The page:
Smaller Hardy Fuchsias 1- 3 Feet Tall

  • Son of Tom Thumb with carmine and red flowers
  • Alice Hoffman with rose and white flowers and bronze tinged leaves.
  • Chillerton Beauty a vigorous grower with pale pink and violet flowers.
  • Conspicua deep red and white eye catching flowers
  • Dollar Prinzessing 18 inches tall with double flowers.
  • Genii with lime -yellow foliage and red stems but late flowering.
  • Heidi Ann less hardy but magnificent
  • Rufus the Red grows 24-30″ tall

Hardy Fuchsias 1- 3 Feet Wide

  • Annabel pink and white flowers on a trailing habit.
  • Empress of Prussia introduced in 1860
  • Garden News double flowers and surprisingly hardy.
  • Phyllis vigorous large leaved abundantly flowering plant
  • Mrs Popple introduced 1899 so it is a survivor.

Other Hardy Fuchsias

  • Hawkshead with white flowers and tall growing 3’plus.
  • Margaret Brown strong growing with smaller flowers.
  • Celia Smedley cream and flame coloured flowers on a strong plant
  • Species Fuchsia magellanica Whiteknights Pearl


Books on Fuchsias from Amazon


Looking After Garden Tools Old & New

Pots for potting

Clean your Garden Tools

  • Clean all of the dirt and soil from your spades, forks, trowels etc. after each use.
  • Allow your tools to dry completely before storing to prevent rusting, mould and handle rot.
  • Before storing, wipe the metal parts of pruners, shears, and loppers with an oily rag. A shot of products such as WD40 will also do the trick.
  • Rinse off tools with soap and water then dry and rub with an oily rag as chemicals such as fertilizers will quickly corrode any metal parts.
  • Disinfect old terracotta pots before reusing.

Oil Your Tools

  • Especially with old tools, rub linseed oil into the wooden handle of your tools to help prevent drying out and splintering.
  • Spray metal tools with WD40 or equivalent to prevent rust.
  • Rusted tools should be cleaned with a wire brush, sandpaper and steel wool. Penetrating oil will help with the more stubborn spots.
  • Oil tools well before storing for winter.
  • Mix builders sand and oil in a bucket to plunge tools into and it will clean and prolong the life of your tools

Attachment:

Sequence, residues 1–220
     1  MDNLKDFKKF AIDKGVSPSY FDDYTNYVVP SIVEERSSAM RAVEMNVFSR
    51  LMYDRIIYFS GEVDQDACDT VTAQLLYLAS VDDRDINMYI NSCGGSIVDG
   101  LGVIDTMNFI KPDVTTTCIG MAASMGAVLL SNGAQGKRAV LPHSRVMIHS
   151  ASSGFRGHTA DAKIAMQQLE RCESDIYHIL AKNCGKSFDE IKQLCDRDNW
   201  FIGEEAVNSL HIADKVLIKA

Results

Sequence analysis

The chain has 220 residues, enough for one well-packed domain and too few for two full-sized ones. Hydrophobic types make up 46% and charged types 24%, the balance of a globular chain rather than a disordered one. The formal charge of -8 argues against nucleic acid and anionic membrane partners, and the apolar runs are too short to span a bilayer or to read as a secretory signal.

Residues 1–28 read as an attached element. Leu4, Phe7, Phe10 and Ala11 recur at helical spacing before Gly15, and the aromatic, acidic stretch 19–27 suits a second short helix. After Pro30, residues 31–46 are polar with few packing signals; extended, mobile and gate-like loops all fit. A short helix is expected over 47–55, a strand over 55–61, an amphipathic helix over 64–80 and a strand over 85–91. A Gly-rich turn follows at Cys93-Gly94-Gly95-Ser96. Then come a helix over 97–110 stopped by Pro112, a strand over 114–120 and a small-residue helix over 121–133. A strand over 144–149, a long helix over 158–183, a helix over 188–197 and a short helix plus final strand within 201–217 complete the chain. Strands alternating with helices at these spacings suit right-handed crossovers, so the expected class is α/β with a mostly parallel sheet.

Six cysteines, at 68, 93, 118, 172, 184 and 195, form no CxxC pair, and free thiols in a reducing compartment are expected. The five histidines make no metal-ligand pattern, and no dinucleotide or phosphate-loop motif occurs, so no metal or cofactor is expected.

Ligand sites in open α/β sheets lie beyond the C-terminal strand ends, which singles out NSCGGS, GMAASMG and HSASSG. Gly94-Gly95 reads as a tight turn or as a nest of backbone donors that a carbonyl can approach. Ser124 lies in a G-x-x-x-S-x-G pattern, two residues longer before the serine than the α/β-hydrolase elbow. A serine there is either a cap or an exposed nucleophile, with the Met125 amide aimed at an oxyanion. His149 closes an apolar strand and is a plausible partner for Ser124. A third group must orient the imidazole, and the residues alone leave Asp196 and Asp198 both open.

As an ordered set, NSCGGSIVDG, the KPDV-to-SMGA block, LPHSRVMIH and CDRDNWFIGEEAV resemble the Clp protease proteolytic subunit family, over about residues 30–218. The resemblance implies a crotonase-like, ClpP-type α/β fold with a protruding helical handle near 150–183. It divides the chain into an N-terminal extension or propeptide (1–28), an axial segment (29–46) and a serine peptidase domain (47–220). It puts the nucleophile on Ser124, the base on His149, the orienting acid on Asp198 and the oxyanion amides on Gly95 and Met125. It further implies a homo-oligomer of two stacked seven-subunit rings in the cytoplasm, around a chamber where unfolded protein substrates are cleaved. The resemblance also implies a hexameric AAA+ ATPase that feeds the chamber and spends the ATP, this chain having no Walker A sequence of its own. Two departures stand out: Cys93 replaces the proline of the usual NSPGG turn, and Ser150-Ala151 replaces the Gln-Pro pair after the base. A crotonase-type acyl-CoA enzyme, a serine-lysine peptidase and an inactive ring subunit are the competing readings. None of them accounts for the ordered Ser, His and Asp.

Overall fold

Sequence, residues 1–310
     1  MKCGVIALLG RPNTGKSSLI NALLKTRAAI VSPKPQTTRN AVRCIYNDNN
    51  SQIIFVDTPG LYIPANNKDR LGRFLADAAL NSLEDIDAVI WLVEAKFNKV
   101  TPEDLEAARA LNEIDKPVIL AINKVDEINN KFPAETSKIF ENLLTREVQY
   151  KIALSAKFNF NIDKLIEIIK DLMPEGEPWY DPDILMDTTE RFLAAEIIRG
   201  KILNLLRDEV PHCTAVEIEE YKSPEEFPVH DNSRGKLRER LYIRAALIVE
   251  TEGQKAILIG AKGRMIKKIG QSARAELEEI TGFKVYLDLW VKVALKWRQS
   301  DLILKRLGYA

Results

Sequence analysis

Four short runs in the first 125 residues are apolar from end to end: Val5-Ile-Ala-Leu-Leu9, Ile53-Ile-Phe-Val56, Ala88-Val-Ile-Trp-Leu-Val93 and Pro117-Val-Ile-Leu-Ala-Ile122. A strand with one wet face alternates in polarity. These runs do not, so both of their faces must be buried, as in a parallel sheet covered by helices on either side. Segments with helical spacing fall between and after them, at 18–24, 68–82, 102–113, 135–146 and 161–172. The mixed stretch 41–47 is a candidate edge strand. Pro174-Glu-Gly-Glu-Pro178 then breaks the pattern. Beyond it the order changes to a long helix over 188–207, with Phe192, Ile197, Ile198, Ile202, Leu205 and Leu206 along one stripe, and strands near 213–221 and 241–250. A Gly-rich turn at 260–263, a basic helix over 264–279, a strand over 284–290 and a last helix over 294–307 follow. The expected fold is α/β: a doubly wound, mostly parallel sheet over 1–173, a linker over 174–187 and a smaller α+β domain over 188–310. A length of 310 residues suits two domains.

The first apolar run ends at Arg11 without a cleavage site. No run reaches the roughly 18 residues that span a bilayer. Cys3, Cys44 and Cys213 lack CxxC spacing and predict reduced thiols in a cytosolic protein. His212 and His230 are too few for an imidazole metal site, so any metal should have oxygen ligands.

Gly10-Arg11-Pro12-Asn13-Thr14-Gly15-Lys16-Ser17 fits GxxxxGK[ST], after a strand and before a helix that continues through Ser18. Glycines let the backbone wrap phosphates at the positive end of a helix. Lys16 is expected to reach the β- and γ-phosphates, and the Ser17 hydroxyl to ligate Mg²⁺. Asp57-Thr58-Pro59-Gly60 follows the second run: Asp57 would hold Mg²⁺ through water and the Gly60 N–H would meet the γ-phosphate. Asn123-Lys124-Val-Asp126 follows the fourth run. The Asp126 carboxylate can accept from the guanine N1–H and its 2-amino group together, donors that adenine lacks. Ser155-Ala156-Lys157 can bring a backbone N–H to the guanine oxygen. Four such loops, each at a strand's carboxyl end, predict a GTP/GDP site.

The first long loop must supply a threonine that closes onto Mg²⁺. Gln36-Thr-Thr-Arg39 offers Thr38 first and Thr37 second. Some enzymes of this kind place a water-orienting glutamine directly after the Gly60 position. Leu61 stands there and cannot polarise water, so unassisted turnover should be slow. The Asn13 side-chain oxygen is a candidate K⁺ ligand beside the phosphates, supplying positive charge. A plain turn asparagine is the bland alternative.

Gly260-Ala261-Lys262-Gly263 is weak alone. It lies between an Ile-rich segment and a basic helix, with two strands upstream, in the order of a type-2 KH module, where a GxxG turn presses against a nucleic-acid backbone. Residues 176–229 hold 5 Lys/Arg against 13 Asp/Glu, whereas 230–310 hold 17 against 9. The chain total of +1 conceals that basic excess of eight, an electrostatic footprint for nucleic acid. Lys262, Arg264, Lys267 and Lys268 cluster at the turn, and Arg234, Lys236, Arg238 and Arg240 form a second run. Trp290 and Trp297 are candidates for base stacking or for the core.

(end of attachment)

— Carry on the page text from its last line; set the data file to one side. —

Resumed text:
Sharpening and Repairing Garden Tools

  • Use a flat edged file to keep your tools sharpened to maximize their efficiency.
  • Pruners, secateurs and shears can be tricky to sharpen so you can leave these types of tools to the professionals. If you use a sharpening stone work on the outer side of the blade not the smooth cutting surface.
  • Sanding down a splintered handle then rubbing with linseed oil will restore it to a smooth finish.
  • Old good quality but rusted tools that you see at car boot sales  can be restored to almost new condition. A good old one often beats a moderate new one (see reuse recycle).


Read Garden Products Old Garden Tool Books

Consider insuring your better tools.


Paw Paw Fruit Trees


2010-02-05 10-26-42 Paw Paw leaf intricate patterns - IMG_1565


I never thought about growing exotic fruit like the Paw Paw That was until I saw a tree for sale in Thompson Morgan’s catalogue. The sun accentuates the intricate pattern in this paw paw leaf.

Asimina triloba Papaw or North American Paw Paw

  • This hardy pawpaw produces solitary, cup-shaped flowers and large, exotic foliage.
  • During long, hot summers it will produce edible fruits with a delicious, tropical flavour, that can be harvested from September.
  • In cool climates the Paw paw or Red Indian Banana forms an attractive multi-stemmed plant that makes an unusual addition to the shrub border with its buttery yellow autumn foliage.
  • Pawpaws are self fertile, and pollinated by insects, however the chances of pollination will improve when growing more than one paw paw.
  • Alternatively the flowers can be hand pollinated.
  • Height and spread to 19’ so they do need a spacious garden.
  • Happiest in full sun or dappled shade

Asimina Triloba / Paw Paw


‘Pawpaw (Asimina) is a genus of small clustered trees with large leaves and fruit. Growth Habit: The pawpaw is a deciduous, often narrowly conical tree growing from about 12 feet to around 20 feet. Pawpaw trees are prone to producing root suckers a few feet from the trunk. When these are permitted to grow, the single-clone pawpaw patch comes into being. The prevailing experiences of many individuals is that the pawpaw is a slow grower, particularly when it is young. However, under optimal greenhouse conditions, including photo-period extension light of approximately 16 hours, top growth of up to 5 feet can be attained in three months. Continue Reading →